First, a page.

America’s aerospace and defense industry is “deeply concerned” that President Trump’s planned import tariffs on steel (30 percent) and aluminum (10 percent) “will raise costs and disrupt the supply chain, putting U.S. global competitiveness at risk,” according to the Aerospace Industries Association (AIA). “There is also a significant threat for retaliation from other countries towards American-made products.”
The U.S. aerospace industry relies heavily on imported aluminum, hence the concerns. Domestic aluminum production of 740 tons last year was dwarfed by the 6,300 tons of aluminum imports into the U.S., according to the latest data from the U.S. Geological Survey. Canada is by far the largest supplier of aluminum to the U.S., at 56 percent. This is followed by Russia, 8 percent; United Arab Emirates, 7 percent; China, 6 percent; and other countries, 23 percent, the agency said.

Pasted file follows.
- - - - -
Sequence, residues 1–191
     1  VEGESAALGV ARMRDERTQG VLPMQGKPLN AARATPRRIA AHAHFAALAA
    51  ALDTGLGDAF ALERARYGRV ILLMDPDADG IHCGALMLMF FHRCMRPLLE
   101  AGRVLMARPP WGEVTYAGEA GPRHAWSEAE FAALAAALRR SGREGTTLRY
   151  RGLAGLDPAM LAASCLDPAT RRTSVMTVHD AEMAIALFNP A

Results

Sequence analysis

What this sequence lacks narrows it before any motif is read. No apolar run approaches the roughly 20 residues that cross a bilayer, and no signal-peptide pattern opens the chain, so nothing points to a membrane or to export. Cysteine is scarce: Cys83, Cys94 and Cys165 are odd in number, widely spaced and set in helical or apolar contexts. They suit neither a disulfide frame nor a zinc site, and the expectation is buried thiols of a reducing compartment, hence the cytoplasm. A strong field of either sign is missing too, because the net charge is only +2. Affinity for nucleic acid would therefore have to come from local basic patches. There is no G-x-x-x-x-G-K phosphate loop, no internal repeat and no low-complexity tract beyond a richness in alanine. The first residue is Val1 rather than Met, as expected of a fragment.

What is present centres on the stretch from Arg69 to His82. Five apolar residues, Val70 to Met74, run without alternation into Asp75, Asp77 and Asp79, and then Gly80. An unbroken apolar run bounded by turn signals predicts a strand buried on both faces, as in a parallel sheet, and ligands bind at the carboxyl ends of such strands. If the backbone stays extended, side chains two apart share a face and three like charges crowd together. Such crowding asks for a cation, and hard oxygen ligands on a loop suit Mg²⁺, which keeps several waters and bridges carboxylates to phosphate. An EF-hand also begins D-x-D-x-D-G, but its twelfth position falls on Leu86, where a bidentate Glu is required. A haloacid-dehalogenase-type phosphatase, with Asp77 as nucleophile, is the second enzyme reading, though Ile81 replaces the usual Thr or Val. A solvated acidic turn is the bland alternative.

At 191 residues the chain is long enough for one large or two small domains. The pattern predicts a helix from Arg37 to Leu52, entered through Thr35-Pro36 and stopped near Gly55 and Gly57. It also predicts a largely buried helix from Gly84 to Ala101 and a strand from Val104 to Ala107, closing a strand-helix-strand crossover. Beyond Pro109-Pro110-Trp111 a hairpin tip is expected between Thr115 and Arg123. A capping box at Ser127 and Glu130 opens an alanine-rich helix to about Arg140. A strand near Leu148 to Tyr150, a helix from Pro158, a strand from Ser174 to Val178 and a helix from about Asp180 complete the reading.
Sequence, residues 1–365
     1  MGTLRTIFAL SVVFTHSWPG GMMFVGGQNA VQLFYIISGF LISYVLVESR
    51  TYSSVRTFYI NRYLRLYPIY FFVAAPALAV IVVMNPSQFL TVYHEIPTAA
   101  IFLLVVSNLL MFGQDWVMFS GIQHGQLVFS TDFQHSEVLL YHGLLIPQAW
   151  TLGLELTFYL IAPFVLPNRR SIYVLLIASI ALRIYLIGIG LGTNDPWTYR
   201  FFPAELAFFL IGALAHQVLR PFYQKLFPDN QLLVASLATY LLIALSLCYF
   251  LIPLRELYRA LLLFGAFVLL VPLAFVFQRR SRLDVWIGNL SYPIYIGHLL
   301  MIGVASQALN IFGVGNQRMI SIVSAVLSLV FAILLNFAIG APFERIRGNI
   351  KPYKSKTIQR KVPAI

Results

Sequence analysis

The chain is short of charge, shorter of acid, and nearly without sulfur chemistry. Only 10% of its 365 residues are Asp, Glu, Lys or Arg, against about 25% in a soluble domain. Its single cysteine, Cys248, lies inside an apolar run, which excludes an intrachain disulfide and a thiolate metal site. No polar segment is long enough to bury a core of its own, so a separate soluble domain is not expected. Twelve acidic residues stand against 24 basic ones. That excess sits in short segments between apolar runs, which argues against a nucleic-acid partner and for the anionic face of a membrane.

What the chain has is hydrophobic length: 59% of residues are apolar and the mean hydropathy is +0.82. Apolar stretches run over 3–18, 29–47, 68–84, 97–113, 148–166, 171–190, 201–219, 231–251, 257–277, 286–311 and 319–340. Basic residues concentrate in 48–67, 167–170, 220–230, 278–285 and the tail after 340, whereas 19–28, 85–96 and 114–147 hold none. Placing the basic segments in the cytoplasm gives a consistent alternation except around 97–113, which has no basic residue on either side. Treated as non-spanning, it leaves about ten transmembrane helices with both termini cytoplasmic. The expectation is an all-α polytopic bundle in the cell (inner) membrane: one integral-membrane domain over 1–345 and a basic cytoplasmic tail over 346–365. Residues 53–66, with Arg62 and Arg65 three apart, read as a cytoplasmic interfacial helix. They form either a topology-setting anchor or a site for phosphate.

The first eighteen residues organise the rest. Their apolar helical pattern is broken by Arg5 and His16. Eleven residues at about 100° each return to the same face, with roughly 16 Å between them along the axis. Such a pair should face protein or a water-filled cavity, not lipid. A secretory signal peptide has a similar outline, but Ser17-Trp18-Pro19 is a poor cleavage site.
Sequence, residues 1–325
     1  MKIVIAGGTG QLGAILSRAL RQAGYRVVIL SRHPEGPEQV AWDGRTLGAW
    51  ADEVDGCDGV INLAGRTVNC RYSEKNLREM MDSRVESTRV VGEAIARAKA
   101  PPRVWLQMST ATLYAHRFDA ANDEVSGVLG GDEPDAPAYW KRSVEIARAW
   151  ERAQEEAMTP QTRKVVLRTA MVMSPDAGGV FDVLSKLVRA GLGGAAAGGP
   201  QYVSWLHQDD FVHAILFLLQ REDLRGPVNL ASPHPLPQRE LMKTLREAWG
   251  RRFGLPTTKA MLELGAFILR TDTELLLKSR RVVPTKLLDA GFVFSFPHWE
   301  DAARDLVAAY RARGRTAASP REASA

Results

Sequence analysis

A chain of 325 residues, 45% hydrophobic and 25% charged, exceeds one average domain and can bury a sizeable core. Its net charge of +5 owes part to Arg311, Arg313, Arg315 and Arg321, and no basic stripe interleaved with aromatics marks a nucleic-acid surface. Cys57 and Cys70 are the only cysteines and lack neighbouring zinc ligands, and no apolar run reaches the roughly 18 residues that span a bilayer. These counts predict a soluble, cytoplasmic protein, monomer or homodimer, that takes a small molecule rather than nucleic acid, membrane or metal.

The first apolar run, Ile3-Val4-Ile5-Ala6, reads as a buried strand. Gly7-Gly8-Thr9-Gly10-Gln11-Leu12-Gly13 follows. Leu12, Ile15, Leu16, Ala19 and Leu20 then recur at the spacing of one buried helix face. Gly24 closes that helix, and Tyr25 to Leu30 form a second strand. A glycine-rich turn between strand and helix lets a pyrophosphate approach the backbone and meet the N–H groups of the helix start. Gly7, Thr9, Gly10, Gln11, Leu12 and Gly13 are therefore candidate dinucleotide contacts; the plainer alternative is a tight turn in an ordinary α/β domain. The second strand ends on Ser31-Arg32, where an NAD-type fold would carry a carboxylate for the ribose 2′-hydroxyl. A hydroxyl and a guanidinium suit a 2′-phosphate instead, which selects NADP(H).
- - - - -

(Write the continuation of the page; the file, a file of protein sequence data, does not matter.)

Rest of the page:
These tariffs will affect “companies big and small in the aerospace and defense world,” said AIA president and CEO Eric Fanning. “More importantly, we’re concerned about retaliation. The aerospace and defense industry generates the largest net surplus in the manufacturing sector—more than $86 billion a year. These companies thrive on the exports of their products.”
However, Citi defense and aerospace researcher Jonathan Raviv downplayed these concerns. “We believe the A&D sector is likely to be broadly unaffected by recent concerns about raw material pricing from Trump’s recent decision to impose tariffs on steel and aluminum,” he said. “This is for four reasons: very high value add; increasingly low steel and aluminum content; escalation clauses; and long-term supply agreements.”